Judge is no stranger to controversy
Published 18/04/2014 | 02:30
The Anglo trial has catapulted Martin Nolan into the same household name judicial stratosphere normally enjoyed by the likes of High Court judges Peter Kelly – the head of Ireland's fast-track Commercial Court – or Paul Carney, the outspoken listing judge of the Central Criminal Court.
At times Judge Nolan, a former garda, presided over the 11-week proceedings with the air of an enthusiastic TV contestant who can't quite believe they have won the prize.
Indeed, the Anglo trial appeared to be assigned to Judge Nolan by default rather than design.
This was in large part because no decision was taken by the judiciary to assign a dedicated judge during the vital, pre-trial phases of what was the largest white-collar criminal trial in the history of the State.
It fell over time to Judge Nolan to deal with preliminary matters, leading to him taking on the case.
The Anglo trial, like several cases Judge Nolan has dealt with before, was not without controversy.
The jury did not see many of the terse exchanges between Judge Nolan and counsel and were blissfully ignorant to a request by all three defence teams for the judge to dismiss the jury.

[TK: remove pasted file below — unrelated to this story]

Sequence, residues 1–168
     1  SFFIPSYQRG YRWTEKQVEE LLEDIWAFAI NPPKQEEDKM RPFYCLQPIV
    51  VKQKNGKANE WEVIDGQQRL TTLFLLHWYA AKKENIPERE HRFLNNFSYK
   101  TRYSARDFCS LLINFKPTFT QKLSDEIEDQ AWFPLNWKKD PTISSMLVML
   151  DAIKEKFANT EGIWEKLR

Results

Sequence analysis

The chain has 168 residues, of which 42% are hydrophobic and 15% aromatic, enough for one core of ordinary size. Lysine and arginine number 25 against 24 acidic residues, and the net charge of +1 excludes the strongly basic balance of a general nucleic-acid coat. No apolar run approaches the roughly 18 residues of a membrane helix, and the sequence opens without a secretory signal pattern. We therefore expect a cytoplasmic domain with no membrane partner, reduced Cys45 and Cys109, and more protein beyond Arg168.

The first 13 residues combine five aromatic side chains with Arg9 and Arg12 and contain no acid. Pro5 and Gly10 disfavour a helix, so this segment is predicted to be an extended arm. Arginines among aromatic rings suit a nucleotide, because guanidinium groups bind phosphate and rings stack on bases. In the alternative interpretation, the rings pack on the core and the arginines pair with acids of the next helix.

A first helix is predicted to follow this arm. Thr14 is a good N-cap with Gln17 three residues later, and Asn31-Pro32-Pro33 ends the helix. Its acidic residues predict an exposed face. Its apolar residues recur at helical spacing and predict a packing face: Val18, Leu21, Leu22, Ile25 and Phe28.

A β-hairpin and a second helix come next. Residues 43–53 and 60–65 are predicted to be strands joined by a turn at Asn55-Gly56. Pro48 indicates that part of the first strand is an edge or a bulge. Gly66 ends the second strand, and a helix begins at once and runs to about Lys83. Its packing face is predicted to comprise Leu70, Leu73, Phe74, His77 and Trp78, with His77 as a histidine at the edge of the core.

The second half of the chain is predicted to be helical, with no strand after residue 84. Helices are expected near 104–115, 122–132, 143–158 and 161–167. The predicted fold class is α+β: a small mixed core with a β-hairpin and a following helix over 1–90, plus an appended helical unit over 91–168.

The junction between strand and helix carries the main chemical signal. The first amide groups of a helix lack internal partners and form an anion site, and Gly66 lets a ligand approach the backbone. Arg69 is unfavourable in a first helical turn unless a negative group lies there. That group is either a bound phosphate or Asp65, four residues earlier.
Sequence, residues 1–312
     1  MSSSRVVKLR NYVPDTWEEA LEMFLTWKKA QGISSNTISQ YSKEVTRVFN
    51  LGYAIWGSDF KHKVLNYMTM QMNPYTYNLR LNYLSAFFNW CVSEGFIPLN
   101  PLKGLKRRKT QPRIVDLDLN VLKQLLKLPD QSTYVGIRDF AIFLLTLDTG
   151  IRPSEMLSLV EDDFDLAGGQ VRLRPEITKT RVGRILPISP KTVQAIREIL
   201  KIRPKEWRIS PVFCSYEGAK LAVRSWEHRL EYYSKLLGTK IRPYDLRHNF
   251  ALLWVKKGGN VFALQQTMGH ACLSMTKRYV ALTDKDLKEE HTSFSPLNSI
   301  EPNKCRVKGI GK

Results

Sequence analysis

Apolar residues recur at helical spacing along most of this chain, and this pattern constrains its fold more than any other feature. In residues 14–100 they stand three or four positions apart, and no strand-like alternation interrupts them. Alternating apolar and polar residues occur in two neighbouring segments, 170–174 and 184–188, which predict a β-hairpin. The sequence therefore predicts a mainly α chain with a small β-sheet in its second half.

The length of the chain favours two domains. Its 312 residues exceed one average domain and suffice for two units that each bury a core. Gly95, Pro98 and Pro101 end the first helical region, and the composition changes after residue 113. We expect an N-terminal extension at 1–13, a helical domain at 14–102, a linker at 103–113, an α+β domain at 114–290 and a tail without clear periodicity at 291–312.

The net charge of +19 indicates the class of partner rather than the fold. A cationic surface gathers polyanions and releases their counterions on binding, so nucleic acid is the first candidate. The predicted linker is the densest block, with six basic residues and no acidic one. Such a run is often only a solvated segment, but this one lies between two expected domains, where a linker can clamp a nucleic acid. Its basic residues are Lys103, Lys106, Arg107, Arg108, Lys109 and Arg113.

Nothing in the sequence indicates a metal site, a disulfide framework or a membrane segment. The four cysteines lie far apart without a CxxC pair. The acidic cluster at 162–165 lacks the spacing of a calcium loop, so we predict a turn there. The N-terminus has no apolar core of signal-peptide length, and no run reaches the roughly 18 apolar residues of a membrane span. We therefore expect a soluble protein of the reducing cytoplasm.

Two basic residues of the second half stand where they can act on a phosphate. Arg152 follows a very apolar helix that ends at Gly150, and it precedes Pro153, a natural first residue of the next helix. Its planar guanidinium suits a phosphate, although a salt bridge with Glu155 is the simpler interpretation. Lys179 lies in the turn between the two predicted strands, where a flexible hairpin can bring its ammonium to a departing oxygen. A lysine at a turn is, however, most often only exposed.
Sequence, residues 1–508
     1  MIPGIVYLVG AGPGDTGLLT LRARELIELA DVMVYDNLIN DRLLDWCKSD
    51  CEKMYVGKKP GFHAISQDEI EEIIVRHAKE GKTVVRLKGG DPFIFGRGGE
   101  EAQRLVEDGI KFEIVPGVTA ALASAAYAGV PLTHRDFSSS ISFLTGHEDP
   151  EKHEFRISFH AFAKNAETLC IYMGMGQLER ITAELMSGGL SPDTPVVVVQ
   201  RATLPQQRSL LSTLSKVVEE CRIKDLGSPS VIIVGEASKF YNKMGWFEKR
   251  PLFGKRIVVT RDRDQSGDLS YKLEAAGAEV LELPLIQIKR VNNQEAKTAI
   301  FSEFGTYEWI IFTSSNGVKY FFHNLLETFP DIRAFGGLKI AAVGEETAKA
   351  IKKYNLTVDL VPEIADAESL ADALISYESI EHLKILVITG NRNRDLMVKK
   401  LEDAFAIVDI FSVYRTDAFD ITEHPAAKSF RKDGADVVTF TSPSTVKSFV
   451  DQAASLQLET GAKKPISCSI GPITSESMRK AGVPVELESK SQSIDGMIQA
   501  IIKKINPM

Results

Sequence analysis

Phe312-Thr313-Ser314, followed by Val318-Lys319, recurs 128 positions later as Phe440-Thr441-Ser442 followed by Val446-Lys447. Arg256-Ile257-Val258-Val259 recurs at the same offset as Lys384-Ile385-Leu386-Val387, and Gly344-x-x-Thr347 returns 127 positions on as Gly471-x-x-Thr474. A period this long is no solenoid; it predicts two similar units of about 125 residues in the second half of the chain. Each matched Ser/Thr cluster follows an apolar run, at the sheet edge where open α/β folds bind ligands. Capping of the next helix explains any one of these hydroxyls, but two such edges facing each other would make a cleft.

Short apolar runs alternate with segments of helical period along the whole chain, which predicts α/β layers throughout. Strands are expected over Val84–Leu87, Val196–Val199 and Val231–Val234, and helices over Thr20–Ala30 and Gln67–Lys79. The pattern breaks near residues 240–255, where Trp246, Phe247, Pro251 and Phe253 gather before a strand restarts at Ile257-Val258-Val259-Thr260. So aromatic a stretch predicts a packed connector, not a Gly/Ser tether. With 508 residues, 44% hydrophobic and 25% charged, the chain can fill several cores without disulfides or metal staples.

Judge Nolan is admired by many in the law library for his native cunning, and won widespread praise from judicial colleagues for his recent handling of a lengthy and complex tiger kidnapping trial,
He is used to weathering media storms and public backlashes surrounding some of his decisions, particularly those relating to sentencing in sexual crimes.
Judge Nolan hit the headlines in late 2011 when he jailed a food importer Paul Begley (46) for six years for not paying €1.6m in garlic taxes. The sentence was later reduced to two years on appeal.
Some months later, the judge presided over another case in which a man was given a suspended three-year sentence for assaulting a woman on condition that he paid one of his victims €12,000.
Judge Nolan decided to free Aidan Farrington, who sexually abused two adult nieces, because he believed the publication of his name was punishment enough.
And more than 3,000 signed an online petition calling for his resignation following his decision last year to suspend in full a three-and-a-half year sentence in a child pornography case.
Irish IndependentFollow @Independent_ie